Profile Photo for Resume OR

Profile Photo for Resume OR

Profile Photo for Resume


The image you portray is the first introduction to any employer. If your goal is landing the perfect job, then a resume photo is important. Interestingly, most of the time your picture is different from your resume. At events, you will often see more casual clothing than your resume states is required.


The answer to this frequently asked question is that it depends — very similar to the GPA dilemma. You’re probably tired of hearing this answer over and over again. However, when deciding whether to include your photo on your resume, it is especially important to consider the circumstance as it can make or break your chances of landing a position. In this guide, we will dive into the various scenarios when you should or should not include your profile photo on your resume and examples of good and bad profile photos.

www.easyresume.io)With a profile photo, employers can easily put a name to a face and picture you as a candidate instead of just reading plain texts and making limited associations in their minds. It can humanize you as an applicant and allow employers to think of you as a person rather than just a piece of paper. This makes you more memorable in employers’ minds and might increase your chances of being considered for your desired position. (Source:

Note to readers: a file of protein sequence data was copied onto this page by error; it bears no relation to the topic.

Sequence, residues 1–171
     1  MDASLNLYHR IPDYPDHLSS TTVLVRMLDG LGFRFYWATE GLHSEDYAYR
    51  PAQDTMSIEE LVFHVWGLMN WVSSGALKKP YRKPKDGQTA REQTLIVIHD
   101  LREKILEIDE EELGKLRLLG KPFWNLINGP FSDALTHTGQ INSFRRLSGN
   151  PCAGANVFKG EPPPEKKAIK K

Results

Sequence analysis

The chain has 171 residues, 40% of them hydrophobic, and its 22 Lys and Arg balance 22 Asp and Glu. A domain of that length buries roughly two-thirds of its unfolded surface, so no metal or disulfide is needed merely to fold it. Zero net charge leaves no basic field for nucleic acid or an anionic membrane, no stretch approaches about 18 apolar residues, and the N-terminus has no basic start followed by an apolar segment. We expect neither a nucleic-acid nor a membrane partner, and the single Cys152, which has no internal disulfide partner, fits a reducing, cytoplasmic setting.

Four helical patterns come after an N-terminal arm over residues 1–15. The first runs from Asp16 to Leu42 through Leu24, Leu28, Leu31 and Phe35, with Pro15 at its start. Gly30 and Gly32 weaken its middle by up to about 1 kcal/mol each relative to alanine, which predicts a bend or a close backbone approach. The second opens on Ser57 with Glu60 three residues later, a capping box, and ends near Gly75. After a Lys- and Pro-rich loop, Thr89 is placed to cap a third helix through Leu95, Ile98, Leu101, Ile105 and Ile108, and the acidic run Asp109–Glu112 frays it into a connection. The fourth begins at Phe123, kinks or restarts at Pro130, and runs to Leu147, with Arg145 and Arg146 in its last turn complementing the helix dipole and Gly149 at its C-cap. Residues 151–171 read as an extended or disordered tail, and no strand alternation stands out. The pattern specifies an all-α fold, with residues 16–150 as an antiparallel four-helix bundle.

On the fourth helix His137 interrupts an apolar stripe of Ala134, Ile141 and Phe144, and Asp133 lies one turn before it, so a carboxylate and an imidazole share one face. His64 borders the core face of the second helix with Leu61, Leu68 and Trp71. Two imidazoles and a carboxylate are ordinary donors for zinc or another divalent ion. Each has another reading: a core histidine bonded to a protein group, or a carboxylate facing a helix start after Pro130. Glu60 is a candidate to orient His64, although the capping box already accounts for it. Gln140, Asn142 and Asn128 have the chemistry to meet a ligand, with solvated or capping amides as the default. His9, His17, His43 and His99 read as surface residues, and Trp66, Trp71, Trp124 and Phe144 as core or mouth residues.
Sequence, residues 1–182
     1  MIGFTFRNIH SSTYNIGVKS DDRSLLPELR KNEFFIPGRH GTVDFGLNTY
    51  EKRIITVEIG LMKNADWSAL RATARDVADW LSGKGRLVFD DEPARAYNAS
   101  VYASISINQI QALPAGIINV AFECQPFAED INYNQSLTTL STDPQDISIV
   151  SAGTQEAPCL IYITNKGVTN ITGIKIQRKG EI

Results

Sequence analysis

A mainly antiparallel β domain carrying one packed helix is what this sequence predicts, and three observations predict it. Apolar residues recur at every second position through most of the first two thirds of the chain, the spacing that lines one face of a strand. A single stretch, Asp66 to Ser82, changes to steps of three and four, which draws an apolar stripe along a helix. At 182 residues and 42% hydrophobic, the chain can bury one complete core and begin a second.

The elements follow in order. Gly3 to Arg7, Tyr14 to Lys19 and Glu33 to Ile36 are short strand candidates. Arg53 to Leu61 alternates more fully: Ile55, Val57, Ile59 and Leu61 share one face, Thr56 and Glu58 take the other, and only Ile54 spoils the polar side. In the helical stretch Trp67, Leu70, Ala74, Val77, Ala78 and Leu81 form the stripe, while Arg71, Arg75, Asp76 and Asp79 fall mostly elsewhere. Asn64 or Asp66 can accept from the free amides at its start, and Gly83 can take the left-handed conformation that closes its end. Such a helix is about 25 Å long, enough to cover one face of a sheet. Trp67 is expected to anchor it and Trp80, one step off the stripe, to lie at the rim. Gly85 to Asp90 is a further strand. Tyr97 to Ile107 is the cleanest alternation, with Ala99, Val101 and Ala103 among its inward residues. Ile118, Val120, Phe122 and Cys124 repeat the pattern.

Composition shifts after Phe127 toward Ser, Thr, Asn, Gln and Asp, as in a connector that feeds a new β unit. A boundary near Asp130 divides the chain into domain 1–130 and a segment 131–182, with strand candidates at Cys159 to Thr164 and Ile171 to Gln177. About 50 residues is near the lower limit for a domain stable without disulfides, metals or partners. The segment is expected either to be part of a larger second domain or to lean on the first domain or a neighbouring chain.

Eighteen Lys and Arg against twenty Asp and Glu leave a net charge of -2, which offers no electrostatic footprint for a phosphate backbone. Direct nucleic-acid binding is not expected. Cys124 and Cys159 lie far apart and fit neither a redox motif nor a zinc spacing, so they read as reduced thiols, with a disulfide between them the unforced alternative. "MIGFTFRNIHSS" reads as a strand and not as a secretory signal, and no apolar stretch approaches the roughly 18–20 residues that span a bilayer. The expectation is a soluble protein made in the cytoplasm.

Lisa Rangel, president of Chameleon Resumes, says that while U.S. recruiters typically frown upon resumes with photos, many employers outside the U.S.—especially those in European countries, such as companies in Germany and France—expect a photo on your resume or CV. So determining whether to include a photo definitely hinges on what country you’re applying for a job in. (Job seekers in the U.S. who are looking for work abroad will also need to take certain steps to break into a foreign job market.

Northborough, MA-based resume expert Julie O’Malley says that job seekers need to consider the potential for discrimination: “It’s illegal to consider factors like age, race, gender, religion, national origin, sexual orientation, or disability status in hiring decisions. So hiring authorities prefer to not ‘officially’ know whether you’re a member of one of these protected classes,” O’Malley writes. Given the possibility of a discrimination claim, some employers flat-out reject resumes with photos, O’Malley says. (Source: www.visualcv.com)



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